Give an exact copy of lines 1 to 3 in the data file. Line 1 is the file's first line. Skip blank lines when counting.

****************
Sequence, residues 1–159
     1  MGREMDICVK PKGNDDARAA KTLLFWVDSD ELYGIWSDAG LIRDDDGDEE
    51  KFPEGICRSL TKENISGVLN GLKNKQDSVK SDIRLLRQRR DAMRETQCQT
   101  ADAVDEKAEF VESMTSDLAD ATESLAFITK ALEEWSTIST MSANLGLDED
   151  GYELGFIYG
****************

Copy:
Sequence, residues 1–159
     1  MGREMDICVK PKGNDDARAA KTLLFWVDSD ELYGIWSDAG LIRDDDGDEE
    51  KFPEGICRSL TKENISGVLN GLKNKQDSVK SDIRLLRQRR DAMRETQCQT